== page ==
The result will ultimately, they said, “will not only erode public confidence in the U.S. Supreme Court, but would call into question the constitutional legitimacy of its forthcoming same-sex marriage decision.”
WND reported when Miller called it “troublesome” that Kagan and Ginsburg have made “supportive public statements and have even voluntarily officiated at homosexual marriages – despite knowing that the question of homosexual marriage would be presented before them for future decision.”
“There is a Code of Conduct under which federal judges – including U.S. Supreme Court Justices – are bound to comply. (Justice Kennedy stated on March 14, 2013, that he and the other justices of the Supreme Court consider the Code of Conduct to be ‘absolutely binding.’) Canon 3A(6) of that Code of Conduct requires that a judge ‘not make public comment on the merits of a matter pending or impending in any court,’” Miller wrote.
“Canon 2A of the same code provides that a judge ‘should act at all times in a manner that promotes public confidence in the integrity and impartiality of the judiciary.’ Finally, a federal statute, 28 U.S.C. sec. 455(a), further mandates that a federal judge ‘disqualify himself in any proceeding in which his impartiality might reasonably be questioned,’” he wrote.
WND reported when Alabama Supreme Court Chief Justice Roy Moore said Ginsburg could be penalized for her public advocacy of “gay” rights as the court considers a case that could redefine marriage in federal law.
“It’s called impeachment,” he told WND.
As WND reported, Ginsburg has performed same-sex wedding ceremonies and made supportive public statements. Kagan also has performed same-sex weddings and promoted “gay” rights at Harvard’s law school while she was at its helm.
The brief from the Foundation for Moral Law explained: “Four weeks after this court granted certiorari in these cases, Justice Ginsburg was asked whether parts of the country might not accept same-sex marriage being constitutionalized. She answered: ‘I think it’s doubtful that it wouldn’t be accepted. The change in people’s attitudes on that issue has been enormous. … It would not take a large adjustment.’”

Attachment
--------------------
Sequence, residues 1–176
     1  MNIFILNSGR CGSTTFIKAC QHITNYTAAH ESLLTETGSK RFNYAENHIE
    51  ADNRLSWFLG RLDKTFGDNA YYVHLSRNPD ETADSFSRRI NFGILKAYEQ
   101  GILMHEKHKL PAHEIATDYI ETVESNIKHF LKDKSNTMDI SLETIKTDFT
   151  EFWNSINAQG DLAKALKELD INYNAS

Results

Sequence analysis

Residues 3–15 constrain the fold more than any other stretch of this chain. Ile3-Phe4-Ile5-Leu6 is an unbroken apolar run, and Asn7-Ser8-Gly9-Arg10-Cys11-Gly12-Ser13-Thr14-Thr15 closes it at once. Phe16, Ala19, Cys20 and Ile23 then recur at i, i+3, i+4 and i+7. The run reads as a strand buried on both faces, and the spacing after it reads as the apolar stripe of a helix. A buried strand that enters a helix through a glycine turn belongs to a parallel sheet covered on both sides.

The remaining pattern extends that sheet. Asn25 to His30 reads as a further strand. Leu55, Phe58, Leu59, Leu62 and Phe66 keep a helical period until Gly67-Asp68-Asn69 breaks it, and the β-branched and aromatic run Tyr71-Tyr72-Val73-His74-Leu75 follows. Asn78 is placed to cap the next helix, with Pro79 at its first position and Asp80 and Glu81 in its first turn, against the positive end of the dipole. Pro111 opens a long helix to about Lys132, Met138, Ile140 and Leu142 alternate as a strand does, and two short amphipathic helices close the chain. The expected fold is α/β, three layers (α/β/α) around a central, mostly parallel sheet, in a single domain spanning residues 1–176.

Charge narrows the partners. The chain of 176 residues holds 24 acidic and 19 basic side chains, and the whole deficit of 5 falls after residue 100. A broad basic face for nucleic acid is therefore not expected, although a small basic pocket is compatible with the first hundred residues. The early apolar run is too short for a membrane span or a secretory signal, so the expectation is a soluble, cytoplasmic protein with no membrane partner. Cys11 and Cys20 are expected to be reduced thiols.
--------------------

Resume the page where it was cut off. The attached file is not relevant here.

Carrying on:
Ginsburg’s interview was with Bloomberg News on Feb. 12.
The foundation’s motion said the “extrajudicial comments about a matter pending before the court violate Canon 3A(6) of the Code of Conduct for United States judges: ‘A judge should not make public comment on the merits of a matter pending or impending in any court.’”
The controversy resurfaced a few weeks ago, because even after being told of the appearance of a conflict of interest, Ginsburg again officiated at a same-sex wedding, as the New York Times reported.
The paper said that with “a sly look and special emphasis on the word ‘Constitution,’ Justice Ginsburg said that she was pronouncing the two men married by the powers vested in her by the Constitution of the United States.”
“No one was sure,” the paper said, “if she was emphasizing her own beliefs or giving a hint to the outcome of the case the Supreme Court is considering whether to decide if same-sex marriage in constitutional.”
Moore said the Constitution’s option for impeachment appears to apply, since Ginsburg’s actions could be perceived as flouting the concept of a neutral judiciary. He noted that besides the well-known “high crimes and misdemeanors” that would subject a federal official to impeachment, Article 3, Section 1 of the Constitution also provides that judges “shall hold their offices during good behavior.”
Moore told WND that according to an analysis by historian Raoul Berger at Harvard Law School in 1970, the Constitution clearly suggests an end to “good behavior” is accompanied by an end of their “offices.”
“His conclusion is there is an implied power to remove judges whose bad behaviors fall short of high crimes and misdemeanors,” he said. Since there are no “dead words” in the Constitution, “every word has a meaning.
“The remedy rests with Congress,” he told WND, although anyone could raise the question.
Col. John Eisdmoe, also of the Foundation for Moral Law, told WND earlier that the pro-”gay” bias exhibited by Ginsburg and Kagan ultimately will leave a cloud over any ruling.
“The decision will forever be open to question of whether it was an honest and fair decision of the court or was controlled by their personal viewpoints on the issue,” he said.
Eidsmoe is a lecturer at colleges and universities and a constitutional attorney with a successful litigation record in religious freedom cases. He holds five degrees in law, theology and political science, including two doctorates, and he’s written numerous books, including “Christianity and the Constitution.”
WND has reported a number of groups have urged Ginsburg and Kagan to recuse themselves from the marriage case.